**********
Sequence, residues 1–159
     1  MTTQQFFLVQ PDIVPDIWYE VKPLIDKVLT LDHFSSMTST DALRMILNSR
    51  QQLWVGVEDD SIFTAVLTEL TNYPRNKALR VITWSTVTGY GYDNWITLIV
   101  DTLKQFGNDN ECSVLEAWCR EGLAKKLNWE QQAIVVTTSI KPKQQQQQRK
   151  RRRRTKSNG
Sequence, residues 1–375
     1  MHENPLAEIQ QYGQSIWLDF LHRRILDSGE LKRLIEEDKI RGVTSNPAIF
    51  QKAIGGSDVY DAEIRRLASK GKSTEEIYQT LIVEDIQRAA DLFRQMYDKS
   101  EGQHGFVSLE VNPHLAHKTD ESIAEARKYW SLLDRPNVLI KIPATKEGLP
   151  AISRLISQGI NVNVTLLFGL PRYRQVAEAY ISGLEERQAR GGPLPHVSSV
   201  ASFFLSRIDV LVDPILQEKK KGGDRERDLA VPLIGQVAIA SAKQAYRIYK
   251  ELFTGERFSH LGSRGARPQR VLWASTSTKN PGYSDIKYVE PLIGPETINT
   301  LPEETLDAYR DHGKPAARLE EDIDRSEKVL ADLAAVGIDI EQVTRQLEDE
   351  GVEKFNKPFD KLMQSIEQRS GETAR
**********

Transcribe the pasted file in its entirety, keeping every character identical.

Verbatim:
Sequence, residues 1–159
     1  MTTQQFFLVQ PDIVPDIWYE VKPLIDKVLT LDHFSSMTST DALRMILNSR
    51  QQLWVGVEDD SIFTAVLTEL TNYPRNKALR VITWSTVTGY GYDNWITLIV
   101  DTLKQFGNDN ECSVLEAWCR EGLAKKLNWE QQAIVVTTSI KPKQQQQQRK
   151  RRRRTKSNG
Sequence, residues 1–375
     1  MHENPLAEIQ QYGQSIWLDF LHRRILDSGE LKRLIEEDKI RGVTSNPAIF
    51  QKAIGGSDVY DAEIRRLASK GKSTEEIYQT LIVEDIQRAA DLFRQMYDKS
   101  EGQHGFVSLE VNPHLAHKTD ESIAEARKYW SLLDRPNVLI KIPATKEGLP
   151  AISRLISQGI NVNVTLLFGL PRYRQVAEAY ISGLEERQAR GGPLPHVSSV
   201  ASFFLSRIDV LVDPILQEKK KGGDRERDLA VPLIGQVAIA SAKQAYRIYK
   251  ELFTGERFSH LGSRGARPQR VLWASTSTKN PGYSDIKYVE PLIGPETINT
   301  LPEETLDAYR DHGKPAARLE EDIDRSEKVL ADLAAVGIDI EQVTRQLEDE
   351  GVEKFNKPFD KLMQSIEQRS GETAR